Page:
Violence, love and never-ending wars collide in Spike Lee’s ‘Da 5 Bloods’

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Spike Lee’s “Da 5 Bloods” is the most violent anti-violence film imaginable. The emotionally draining, 156-minute epic works because of this dichotomy: the Bloods, who preach the words of the peace-loving Rev. Dr. Martin Luther King Jr., kill with frightening ease and zero hesitation. It’s this contrast that makes “Da 5 Bloods” gripping, thought-provoking and, in typical Spike Lee fashion, scarily relevant.

“Da 5 Bloods” follows four Black Vietnam War veterans as they return to the lush rainforests of Southeast Asia — Otis, the benevolent medic; Eddie, the wealthy peacemaker; Melvin, the sweet, loyal friend; and Paul, the bitter Trump-supporter. Their trek into the forest is driven by their quest to regain two precious things lost in the war: the remains of their fallen leader, Stormin’ Norman, and millions of dollars in buried gold, which they stumbled across in the heat of battle and hid in the hopes of reclaiming it later. What starts out as a joyful reunion between distant friends quickly turns hostile.

Much of that anger comes from Paul (Delroy Lindo), who carries his war memories as heavily as he does the gold bars the men eventually find and fight over. Greed seeps into the relationship among these men, and it turns deadly when Vietnamese gunmen show up demanding a share of the unearthed treasure. What started as a nostalgic trip back to the now-tourist-friendly Vietnam turns dangerous and war-like. Landmines, gunfire, unresolved international conflicts and — most dangerous of all — repressed memories sneak up on the men. Thus ensues a powerful story that proves that the war never really ended. 

War scenes make up less than half of the film, but they are beautifully shot, even if they are horrifically bloody. Perhaps Lee’s most inspired cinematic choice is the way he flashes back to the war. Suddenly, the images shrink and the camerawork becomes shaky in a way that mimics televised war footage. If Lee’s mission in including this violence was to translate fear to the viewer, he succeeded, even as the stunning, graphic nature of these shots is often hard to watch through to the end of a scene.

Lee also doesn’t mess with anti-aging technology. In the flashbacks, the four surviving Bloods still have the gray hair and worry lines they arrived with today, despite the fact that they were in their early 20s during the war. Stormin’ Norman (Chadwick Boseman), however, is still the 20-year-old soldier who never got to come home. Though a bit confusing and heavy-handed at first, this almost gimmicky juxtaposition allows us to see how present the war still is for these men, their memories as vivid as real life.

Though Stormin’ Norman appears to be an accessory to the story, he’s ultimately deeper than that. Norman is Lee’s messenger, his way of showing the concurrence of the Vietnam War and the Civil Rights Movement. Otis fondly describes Norman by saying, “He was our Malcolm and our Martin,” encapsulating the central love versus violence struggle that lives in these Black soldiers. When Hanoi Hannah, a subversive North Vietnamese radio announcer, addresses Black soldiers to break the news of King’s death, Lee seamlessly integrates images of King’s funeral and civil rights protests with the devastated young Bloods. Hannah reminds the men of one tragic irony of the Vietnam war: disproportionate numbers of Black Americans are forced to fight for a country that refuses to give them equal rights. The enlightened Bloods momentarily vow to kill white American soldiers rather than Vietnamese until Norman reins them in. “We won’t let nobody use our rage against us,” he says.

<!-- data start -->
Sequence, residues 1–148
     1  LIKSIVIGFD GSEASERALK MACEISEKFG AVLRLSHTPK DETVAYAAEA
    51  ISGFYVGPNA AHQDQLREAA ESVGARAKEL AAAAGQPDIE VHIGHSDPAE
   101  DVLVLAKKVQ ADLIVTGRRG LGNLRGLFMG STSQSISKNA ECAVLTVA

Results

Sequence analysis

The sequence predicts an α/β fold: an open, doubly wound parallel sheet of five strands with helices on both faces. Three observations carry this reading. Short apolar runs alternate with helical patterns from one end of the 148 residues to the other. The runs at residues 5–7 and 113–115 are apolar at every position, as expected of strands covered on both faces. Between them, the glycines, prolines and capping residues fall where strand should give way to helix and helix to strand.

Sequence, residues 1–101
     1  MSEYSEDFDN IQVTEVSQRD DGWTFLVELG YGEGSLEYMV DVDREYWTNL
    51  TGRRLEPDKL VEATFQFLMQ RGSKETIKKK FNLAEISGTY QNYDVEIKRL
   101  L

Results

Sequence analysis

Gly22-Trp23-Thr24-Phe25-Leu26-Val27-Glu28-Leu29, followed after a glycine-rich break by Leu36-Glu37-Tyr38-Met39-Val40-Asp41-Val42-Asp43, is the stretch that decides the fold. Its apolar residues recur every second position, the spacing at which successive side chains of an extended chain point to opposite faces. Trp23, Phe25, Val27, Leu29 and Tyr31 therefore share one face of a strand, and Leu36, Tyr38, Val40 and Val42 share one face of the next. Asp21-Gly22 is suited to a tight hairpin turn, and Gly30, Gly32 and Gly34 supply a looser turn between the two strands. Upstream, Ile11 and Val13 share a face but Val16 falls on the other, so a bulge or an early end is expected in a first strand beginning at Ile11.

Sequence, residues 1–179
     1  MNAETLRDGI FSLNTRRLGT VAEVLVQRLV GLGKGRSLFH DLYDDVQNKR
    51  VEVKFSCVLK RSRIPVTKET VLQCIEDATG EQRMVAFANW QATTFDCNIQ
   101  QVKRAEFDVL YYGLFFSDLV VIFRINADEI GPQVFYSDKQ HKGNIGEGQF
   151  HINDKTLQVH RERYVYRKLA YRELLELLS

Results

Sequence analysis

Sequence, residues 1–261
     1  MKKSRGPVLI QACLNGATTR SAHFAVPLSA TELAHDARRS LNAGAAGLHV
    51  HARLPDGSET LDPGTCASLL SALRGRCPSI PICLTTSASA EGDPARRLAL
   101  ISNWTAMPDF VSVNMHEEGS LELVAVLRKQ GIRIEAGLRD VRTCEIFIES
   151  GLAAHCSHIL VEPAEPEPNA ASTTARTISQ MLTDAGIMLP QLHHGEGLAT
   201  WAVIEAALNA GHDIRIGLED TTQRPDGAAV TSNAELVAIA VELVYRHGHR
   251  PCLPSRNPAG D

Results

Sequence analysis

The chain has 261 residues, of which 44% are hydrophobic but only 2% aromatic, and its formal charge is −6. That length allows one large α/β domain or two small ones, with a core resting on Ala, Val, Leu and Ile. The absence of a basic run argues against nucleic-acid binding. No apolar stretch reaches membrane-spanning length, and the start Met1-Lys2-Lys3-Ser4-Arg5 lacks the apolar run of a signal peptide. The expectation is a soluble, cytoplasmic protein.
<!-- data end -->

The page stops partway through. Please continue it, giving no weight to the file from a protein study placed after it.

This is not the first time Lee has explored the contrast between love and violence; in 1989’s “Do the Right Thing,” Mookie and fellow Bedford-Stuyvesant residents wonder whether they should choose love or “Fight the Power” after a series of racial conflicts in their changing neighborhood. The film ends with a King quote and a Malcolm X quote rolling down the screen. The moments following King’s death in “Da 5 Bloods” complement “Do the Right Thing” perfectly, as the film depicts violent uprisings in protest of the murder of a famously peace-loving man.

“Da 5 Bloods” is also remarkably relevant. Despite being filmed before the death of George Floyd, Lee was prescient enough to include a scene at a Black Lives Matter meeting — one of the five Bloods sends his take of the gold to fund the group’s activism. In Spike Lee’s worldview, Black Americans are still at war, fighting the power just as they did 50 years ago in the jungles of Vietnam. 

Contact Sophia Peyser at speyser21 ‘at’ spenceschool.org.

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Sophia Peyser is a high school student writing as part of The Daily’s Summer Journalism Workshop.